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End of Summer Electrical Safety

While the weather doesn’t exactly feel like the end of summer, the calendar is slowly making its way toward the official first day of fall (September 22). But for many of our Houston neighbors, fall begins once the school semester starts. While school calendars vary, the official star date for the Houston ISD is August 28. As we have mentioned before, fall is the best time to for home maintenance (both professional and DIY). The transitional weeks of back to school are also essential for electrical safety check-ups throughout your home. While families transition into new school and work schedules, there are several things that the household can do to ensure their home electrical system is safe throughout the school year.

Check Alarm Systems

If your home will be vacant during the day, you will want to make sure that your alarm system(s) are in working order. Most residential burglaries happen during the day when the household is away. Check your alarm system and smoke/CO 2 detectors to ensure that the connections and batteries are charged and ready to do their job.


Safeguard Electrical Receptacles

The transitional period in the fall is often chaotic, which means that toddlers and grade school kids might not have as much supervision during certain periods. Make sure that you safeguard all your accessible electrical outlets with tamper-proof locks – and add GFCIs to outlets that are close to water fixtures. These are essential electrical safety tools for a home with small children.

How to Protect Your Child from Electrical Hazards

Assess Outlets for Faulty Wiring

Check all the electrical plates in the house for signs of warmth or discoloration. If the wiring is faulty, this is the first best indication of something wrong. If the plate is warm to the touch or has become brown or black in areas, have it checked out by professional electrician.

Device Safety

There have been safety issues recently with smart phones exploding or catching on fire. Be mindful of smart phones, tablets and personal computers left at home. Never leave these devices charging while the house is empty. Though most people are glued to their phones, there are occasions when they are left home to charge. Make sure that all tech tools are unplugged before leaving for the day.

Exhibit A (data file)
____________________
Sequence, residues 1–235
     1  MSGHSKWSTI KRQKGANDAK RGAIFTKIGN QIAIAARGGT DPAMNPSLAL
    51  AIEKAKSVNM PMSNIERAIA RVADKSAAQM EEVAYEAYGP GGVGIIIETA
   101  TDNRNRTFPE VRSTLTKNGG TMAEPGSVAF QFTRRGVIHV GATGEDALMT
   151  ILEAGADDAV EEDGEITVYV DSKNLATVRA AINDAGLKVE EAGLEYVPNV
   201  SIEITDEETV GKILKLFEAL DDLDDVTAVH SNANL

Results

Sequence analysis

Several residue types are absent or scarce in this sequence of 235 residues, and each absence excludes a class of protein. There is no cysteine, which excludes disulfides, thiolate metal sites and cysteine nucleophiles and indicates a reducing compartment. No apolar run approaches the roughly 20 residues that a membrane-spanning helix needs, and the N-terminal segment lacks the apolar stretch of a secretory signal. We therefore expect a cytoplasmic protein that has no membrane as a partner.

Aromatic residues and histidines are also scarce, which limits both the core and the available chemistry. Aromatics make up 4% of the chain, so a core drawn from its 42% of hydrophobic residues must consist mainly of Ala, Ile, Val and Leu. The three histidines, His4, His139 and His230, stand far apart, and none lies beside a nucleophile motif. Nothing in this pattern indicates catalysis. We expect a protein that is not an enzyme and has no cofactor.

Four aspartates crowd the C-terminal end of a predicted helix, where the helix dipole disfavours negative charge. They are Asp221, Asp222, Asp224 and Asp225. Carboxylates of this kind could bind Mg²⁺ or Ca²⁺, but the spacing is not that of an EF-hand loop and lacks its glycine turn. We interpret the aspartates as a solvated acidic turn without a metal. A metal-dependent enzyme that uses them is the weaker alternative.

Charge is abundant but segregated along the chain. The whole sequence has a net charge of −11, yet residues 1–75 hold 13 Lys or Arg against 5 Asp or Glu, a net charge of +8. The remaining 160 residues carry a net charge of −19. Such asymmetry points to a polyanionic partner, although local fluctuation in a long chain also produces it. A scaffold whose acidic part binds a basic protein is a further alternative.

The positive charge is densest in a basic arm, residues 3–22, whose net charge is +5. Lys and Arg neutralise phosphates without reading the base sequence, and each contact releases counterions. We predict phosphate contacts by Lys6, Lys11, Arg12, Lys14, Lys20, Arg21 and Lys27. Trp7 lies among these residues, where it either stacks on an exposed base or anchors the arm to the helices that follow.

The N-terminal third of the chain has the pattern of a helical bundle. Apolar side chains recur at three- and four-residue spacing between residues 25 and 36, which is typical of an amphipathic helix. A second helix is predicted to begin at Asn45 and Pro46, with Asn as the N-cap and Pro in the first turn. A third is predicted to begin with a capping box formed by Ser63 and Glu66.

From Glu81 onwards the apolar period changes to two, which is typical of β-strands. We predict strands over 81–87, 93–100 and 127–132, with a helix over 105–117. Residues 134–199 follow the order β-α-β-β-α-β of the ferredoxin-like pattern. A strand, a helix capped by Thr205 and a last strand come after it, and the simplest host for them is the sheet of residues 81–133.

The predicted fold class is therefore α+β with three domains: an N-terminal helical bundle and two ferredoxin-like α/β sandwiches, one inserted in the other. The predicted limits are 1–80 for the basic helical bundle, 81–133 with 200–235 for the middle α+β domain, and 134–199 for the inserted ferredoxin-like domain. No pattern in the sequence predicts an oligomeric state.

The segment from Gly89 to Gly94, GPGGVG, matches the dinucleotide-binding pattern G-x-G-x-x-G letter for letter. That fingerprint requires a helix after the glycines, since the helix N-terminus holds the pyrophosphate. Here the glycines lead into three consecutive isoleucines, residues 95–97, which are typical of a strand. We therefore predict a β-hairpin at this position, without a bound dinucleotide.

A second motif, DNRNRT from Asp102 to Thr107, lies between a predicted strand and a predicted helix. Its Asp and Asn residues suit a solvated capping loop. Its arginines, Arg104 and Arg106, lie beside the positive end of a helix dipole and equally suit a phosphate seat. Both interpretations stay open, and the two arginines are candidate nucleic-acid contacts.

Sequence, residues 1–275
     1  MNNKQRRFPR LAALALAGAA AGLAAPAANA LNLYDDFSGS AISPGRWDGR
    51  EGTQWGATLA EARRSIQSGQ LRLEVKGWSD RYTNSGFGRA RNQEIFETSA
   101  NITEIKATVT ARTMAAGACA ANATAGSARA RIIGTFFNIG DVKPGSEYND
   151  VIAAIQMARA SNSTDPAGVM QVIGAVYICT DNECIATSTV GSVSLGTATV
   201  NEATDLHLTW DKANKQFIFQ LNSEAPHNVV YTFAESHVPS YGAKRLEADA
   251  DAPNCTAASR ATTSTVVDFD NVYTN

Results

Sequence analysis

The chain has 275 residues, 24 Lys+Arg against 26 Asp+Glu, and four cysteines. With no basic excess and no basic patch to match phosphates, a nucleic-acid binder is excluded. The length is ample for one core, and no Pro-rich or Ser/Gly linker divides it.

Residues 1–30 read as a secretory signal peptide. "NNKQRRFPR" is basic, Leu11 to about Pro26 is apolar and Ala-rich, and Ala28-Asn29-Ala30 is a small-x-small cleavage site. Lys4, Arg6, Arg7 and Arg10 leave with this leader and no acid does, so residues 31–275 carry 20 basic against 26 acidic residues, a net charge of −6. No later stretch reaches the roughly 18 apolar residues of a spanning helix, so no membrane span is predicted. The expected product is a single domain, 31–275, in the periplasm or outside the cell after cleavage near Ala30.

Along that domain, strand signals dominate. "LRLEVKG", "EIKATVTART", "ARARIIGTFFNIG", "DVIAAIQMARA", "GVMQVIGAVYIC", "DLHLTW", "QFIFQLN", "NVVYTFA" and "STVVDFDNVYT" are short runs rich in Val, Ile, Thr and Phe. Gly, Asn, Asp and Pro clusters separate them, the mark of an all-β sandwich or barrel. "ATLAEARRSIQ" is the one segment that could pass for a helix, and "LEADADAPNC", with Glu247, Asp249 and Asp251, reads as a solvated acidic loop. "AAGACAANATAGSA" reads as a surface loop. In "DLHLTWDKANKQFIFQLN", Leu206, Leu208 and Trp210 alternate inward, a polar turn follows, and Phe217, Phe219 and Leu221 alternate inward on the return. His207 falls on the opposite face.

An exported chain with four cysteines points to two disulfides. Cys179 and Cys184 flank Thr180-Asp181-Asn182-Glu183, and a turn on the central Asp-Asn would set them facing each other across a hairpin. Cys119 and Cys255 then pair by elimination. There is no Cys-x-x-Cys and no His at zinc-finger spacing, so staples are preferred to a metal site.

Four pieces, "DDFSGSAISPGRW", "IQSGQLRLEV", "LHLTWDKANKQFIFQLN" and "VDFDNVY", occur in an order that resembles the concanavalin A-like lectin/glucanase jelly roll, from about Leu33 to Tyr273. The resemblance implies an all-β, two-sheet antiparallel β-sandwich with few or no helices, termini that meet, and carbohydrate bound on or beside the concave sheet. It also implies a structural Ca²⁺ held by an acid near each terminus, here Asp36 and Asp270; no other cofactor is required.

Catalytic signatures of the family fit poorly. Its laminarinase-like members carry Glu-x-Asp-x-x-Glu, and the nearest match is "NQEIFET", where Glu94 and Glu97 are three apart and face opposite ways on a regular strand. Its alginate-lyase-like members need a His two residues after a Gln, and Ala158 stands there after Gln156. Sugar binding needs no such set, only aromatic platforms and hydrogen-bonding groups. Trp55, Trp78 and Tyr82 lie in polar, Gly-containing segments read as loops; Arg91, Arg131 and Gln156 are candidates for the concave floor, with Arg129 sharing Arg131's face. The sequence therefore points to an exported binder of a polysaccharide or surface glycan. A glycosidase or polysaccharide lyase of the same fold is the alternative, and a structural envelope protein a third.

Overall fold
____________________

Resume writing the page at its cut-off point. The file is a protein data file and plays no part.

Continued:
Change Thermostat Settings

Make sure that you change the settings on your thermostat if you own a programmable model. (If you don’t, you should consider investing in one.) While it is important to keep the temperature set at a higher level to save energy while you aren’t home, you also need to monitor the humidity. The humidity level should be set at 40 – 50% (and no higher or lower) through the fall. Houston always has a high level of humidity and the fall is no different. Because of this, it’s important to monitor the humidity level inside the home. High humidity can affect your indoor air quality – and promote chipped paint, wall paper, mold growth and other serious issues.

Schedule a Safety Inspection

Though it’s important to take safety precautions for your home’s electrical system, DIY maintenance is only part of the equation. If your home is 40 years or older, or if you haven’t had a safety inspection in the past decade, you should consider scheduling one for the fall. Most electrical hazards can be avoided with the guidance of a professional electrician.

Just like your HVAC and plumbing systems, your home’s electrical system needs to be maintained regularly to ensure safety and efficiency. When was the last time your electrical system was assessed? If you can’t answer the question, then it has probably been too long. Do your part this back to school season by following our electrical safety tips – then give us a call if there’s a problem that might need a professional technician. Contact us if you see any signs of defective wiring – or you feel it’s time your home had a complete inspection. Call us at (713) 364-0226 to schedule an appointment today! We’ll make sure your home’s electrical system is safe for the school year and for many more to come.